In a subscription business where all participants pay the same amount to use the product/service, it's good to remember that the customer churn rate and the revenue churn rate are essentially equal to each other. However, the numbers will differ for subscription businesses that use a pricing strategy that does not charge the same amount to all participants (such as tiered pricing or per-user pricing). It is important to analyze both indicators to fully understand which customers churn and what is the impact on the business.

How is the churn rate measured?

Customer churn rates are used to measure how many customers have left within a given period. Customer churn rates are often measured per time period such as monthly, quarterly, and yearly. These are expressed as percentages.

Before measuring customer churn rates, it is important to first define what constitutes actual customer churn for your business. For SaaS companies, measuring the churn rate based on the length of the subscription/membership term makes sense. In this case, you define a cancelation event as when the customer does not renew or cancel the subscription.

Churn rate = the number of customers lost in a time period/number of customers at the start of the time period.

What is the cause of customer churn?

The reasons for customer churn are myriad, many of which are unique to your company and will depend on your business practices.

Here are some of them.

Overly focused on acquiring new customers.

The customer service team is often able to foresee signs of churn. However, companies often forget to focus their resources on maintaining relationships with existing customers in the pursuit of new ones. Both are equally important.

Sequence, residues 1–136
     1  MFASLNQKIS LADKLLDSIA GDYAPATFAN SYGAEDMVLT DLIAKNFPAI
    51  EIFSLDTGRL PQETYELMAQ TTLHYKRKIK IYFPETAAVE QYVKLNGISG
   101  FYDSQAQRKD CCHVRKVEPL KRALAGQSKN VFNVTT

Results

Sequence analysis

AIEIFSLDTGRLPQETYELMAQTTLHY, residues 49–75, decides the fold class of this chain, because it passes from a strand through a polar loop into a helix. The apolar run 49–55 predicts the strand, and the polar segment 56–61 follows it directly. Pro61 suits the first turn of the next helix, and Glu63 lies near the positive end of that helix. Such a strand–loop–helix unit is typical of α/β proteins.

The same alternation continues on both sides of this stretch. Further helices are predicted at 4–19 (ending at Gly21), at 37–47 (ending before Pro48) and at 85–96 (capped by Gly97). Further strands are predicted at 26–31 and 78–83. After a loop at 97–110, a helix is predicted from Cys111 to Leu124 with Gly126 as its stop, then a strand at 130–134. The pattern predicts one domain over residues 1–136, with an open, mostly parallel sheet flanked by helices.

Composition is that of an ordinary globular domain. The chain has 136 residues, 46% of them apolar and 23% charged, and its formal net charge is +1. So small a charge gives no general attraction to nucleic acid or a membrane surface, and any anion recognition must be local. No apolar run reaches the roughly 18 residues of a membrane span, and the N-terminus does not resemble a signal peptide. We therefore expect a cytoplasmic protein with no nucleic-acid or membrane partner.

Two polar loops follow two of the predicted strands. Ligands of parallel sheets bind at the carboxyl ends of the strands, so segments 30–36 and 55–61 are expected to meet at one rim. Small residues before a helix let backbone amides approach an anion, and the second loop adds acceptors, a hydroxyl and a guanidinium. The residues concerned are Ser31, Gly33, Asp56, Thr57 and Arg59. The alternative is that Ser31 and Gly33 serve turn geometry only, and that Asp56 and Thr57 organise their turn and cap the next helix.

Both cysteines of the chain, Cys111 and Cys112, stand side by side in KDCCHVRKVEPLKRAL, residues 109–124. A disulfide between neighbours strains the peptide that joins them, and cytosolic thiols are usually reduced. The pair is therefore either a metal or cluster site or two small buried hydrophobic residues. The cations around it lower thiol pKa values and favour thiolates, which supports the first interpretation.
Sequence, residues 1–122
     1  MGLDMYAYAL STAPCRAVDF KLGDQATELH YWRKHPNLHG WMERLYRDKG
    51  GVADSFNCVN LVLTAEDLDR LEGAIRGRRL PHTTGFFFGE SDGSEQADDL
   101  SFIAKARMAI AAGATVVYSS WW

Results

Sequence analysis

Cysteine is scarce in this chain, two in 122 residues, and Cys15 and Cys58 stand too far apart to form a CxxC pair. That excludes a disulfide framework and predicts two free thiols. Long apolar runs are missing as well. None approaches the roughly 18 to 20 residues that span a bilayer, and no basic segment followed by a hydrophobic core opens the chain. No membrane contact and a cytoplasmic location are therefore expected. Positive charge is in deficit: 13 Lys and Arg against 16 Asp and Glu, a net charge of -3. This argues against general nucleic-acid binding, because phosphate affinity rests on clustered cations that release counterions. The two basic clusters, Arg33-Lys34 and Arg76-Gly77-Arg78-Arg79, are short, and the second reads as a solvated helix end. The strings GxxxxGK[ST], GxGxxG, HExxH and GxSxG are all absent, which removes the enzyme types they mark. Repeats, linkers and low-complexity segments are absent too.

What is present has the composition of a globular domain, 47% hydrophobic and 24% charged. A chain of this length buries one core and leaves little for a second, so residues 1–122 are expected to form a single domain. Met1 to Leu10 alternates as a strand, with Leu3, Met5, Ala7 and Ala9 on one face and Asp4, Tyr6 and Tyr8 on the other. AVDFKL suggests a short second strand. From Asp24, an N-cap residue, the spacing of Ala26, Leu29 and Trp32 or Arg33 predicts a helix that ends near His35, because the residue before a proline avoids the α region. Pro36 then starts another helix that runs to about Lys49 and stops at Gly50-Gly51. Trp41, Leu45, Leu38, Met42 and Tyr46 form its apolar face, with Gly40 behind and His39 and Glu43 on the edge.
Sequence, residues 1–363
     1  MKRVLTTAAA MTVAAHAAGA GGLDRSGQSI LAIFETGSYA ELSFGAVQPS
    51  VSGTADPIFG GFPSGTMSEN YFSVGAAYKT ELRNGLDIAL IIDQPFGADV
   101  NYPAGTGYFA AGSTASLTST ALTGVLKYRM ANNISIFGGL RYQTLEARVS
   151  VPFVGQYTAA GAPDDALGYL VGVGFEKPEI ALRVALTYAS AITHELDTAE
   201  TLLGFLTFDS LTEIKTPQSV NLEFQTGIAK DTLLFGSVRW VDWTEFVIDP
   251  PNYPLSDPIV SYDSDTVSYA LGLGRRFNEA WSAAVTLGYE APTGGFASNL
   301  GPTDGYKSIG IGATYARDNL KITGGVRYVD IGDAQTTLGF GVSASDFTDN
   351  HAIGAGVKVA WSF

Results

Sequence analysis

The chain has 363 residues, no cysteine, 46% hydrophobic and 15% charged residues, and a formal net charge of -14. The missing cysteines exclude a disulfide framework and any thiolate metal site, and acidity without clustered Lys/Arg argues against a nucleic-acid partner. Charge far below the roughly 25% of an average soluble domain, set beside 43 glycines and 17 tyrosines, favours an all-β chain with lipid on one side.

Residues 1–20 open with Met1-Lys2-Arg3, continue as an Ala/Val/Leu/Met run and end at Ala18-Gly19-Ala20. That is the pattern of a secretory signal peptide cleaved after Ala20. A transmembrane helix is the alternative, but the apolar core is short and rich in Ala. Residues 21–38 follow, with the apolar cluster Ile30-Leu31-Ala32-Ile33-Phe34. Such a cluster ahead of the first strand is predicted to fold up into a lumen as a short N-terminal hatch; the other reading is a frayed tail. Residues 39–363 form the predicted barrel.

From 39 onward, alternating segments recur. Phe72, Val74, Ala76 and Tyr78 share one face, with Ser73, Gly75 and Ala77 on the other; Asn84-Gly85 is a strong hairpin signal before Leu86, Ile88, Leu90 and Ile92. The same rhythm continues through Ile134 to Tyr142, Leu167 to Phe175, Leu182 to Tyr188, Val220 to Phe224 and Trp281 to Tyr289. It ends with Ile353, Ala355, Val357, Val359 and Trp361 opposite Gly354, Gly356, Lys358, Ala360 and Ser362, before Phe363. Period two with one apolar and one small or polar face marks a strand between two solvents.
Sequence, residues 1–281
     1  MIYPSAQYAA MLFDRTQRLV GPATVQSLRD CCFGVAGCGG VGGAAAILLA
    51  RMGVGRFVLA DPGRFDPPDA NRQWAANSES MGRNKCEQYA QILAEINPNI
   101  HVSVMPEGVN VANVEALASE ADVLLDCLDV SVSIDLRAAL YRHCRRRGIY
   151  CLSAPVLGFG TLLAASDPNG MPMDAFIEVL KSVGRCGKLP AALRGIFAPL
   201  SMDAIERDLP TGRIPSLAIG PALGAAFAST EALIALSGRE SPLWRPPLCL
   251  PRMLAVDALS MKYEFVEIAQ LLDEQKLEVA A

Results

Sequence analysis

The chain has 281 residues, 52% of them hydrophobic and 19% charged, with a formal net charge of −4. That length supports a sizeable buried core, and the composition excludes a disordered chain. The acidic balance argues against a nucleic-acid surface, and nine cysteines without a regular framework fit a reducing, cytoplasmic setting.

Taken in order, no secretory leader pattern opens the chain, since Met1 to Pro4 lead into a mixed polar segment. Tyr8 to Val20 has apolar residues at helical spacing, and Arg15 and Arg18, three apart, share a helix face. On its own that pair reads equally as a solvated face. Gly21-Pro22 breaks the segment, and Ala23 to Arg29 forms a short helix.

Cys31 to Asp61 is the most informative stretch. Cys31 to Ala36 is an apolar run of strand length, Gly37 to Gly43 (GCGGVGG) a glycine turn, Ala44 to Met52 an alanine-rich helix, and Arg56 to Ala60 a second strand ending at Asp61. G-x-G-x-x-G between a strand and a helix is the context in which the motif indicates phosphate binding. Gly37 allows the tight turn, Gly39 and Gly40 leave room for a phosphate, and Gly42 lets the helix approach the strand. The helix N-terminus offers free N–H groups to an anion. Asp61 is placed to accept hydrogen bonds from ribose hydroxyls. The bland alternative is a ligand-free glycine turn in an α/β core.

Not taking time to understand the customer journey

Understanding customer needs and the key stages in the customer relationships are critical to keeping customers in the long term and reducing churn.

If you haven't done so already, create a customer journey map that will help you understand your customer's intentions, motivations, problems, and why they choose your company among their competitors.

Competitors offer better quality solutions.

If you are losing customers to competitors, it is possible your company may not be sufficiently delivering or conveying value to your users. If this is the case, take the time to evaluate (or re-evaluate) the features and services you are providing to your targeted customers. It may be time to relook your go to market strategy or business model.

What is a good churn rate?

According to the benchmark report, the average subscription churn rate is 5.57%. However, since churn rates vary widely across industries and business models, do check out industry standards to figure out how your company compares.

Final Verdict

Understanding churn rates is critical to assessing your customer success efforts' effectiveness and overall customer satisfaction. Business leaders sometimes forget it is easier and cheaper to keep existing customers than new ones and it is the job of customer success teams to represent this segment of the business. In many cases churn is the best indicator of the long term success of the company and should not be lightly ignored.